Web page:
This remarkable priest prayed for hours every day while carrying on an active ministry, directing hundreds of souls, leading academic institutions, going in and out of imprisonment and helping to reform of the Carmelite Order in the 16th Century. His writings are filled with beautiful poetry and solid teaching for the spiritual life. His doctrine constantly focuses on Christ Jesus, and he invites his readers to ponder Christ in everything that happens to them, in all the different experiences of prayer, even the most arid.
It is in living in solidarity with what Christ suffered for oursakes that his doctrine takes on its riches proportions. In the mystery of Christ, John of the Cross teaches that there are the most precious treasures of wisdom and knowledge of God waiting to be discovered. To see the world, those we love, and even oneself with the eyes of God: nothing in life is as precious as this kind of knowing, this vision of the whole.
This is why contemplation, beholding the mystery of Christ in our hearts, is for him the most important human activity - so essential that all other human activity finds its fullest meaning in being directed to this end. This means life should be ordered around prayer. (But how often do we approach prayer as something to fit into our busy lives instead?) No matter how much we know about Christ, there is always more beautiful and wonderful to know in Him - truths He knows we need and that he yearns to share. His mystery is inexhaustible and holds everything we need to thrive, to live life to the full.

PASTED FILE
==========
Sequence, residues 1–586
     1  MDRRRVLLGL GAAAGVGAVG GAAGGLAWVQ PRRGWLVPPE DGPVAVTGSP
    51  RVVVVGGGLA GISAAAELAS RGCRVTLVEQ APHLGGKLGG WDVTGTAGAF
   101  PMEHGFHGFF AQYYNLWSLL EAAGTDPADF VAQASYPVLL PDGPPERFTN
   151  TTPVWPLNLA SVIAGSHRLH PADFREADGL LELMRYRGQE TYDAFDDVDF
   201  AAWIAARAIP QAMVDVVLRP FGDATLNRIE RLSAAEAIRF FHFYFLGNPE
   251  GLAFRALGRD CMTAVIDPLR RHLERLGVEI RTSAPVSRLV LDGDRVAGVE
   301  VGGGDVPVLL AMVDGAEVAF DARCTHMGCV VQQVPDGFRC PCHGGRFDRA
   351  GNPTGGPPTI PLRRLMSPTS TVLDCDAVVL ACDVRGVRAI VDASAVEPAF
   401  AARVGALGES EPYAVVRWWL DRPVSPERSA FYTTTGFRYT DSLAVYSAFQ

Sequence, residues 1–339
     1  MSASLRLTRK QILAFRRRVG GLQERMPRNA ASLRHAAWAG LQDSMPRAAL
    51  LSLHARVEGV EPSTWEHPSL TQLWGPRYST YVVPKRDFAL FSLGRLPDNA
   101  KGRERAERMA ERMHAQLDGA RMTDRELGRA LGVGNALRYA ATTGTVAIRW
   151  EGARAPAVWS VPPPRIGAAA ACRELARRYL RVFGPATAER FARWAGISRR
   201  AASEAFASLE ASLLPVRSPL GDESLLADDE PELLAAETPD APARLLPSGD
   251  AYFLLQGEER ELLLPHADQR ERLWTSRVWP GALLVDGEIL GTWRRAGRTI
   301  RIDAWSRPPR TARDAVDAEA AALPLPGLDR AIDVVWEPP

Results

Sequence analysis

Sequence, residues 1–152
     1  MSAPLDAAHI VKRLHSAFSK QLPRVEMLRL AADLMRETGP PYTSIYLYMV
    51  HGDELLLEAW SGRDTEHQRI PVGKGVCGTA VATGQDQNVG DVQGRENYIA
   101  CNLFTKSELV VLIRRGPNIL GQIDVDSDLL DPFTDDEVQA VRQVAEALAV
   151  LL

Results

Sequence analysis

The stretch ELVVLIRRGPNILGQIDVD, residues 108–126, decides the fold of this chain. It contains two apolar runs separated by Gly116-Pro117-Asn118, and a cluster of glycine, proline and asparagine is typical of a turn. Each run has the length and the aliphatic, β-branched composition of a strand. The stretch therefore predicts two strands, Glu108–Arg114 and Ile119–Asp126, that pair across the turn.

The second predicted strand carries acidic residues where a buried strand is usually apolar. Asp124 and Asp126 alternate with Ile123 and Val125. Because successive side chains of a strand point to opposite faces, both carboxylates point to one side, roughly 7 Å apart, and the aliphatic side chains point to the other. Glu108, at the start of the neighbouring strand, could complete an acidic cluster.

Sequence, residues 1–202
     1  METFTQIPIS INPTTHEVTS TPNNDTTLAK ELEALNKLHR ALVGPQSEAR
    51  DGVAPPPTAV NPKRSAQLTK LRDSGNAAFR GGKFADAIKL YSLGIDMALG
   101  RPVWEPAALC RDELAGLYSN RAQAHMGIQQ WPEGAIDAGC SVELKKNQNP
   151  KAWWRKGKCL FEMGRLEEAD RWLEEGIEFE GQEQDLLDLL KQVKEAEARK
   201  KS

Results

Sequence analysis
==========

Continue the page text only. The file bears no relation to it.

John of the Cross is a realist about this achievement and what it costs - although it is primarily God's work, the soul must cooperate in faith even in the most difficult trials. No matter the cost, he insists, what is to be gained is worth it - for we gain the Lord himself. In the Office of Readings, the whole Church ponders his words on this point:
The soul cannot enter into these treasures, nor attain them, unless it first crosses into and enters the thicket of suffering, enduring interior and exterior labors, and unless it first recieves from God very many blessings in the intellect and in the senses, and has undergone long spiritual training ... it is quite impossible to reach the thicket of riches and wisdom of God except by first entering the thicket of much suffering, in such a way that the soul finds there consolation and desire. The soul that longs for divine wisdom chooses first, and in truth, the thicket of the cross.
Spiritual Canticle, 36-37.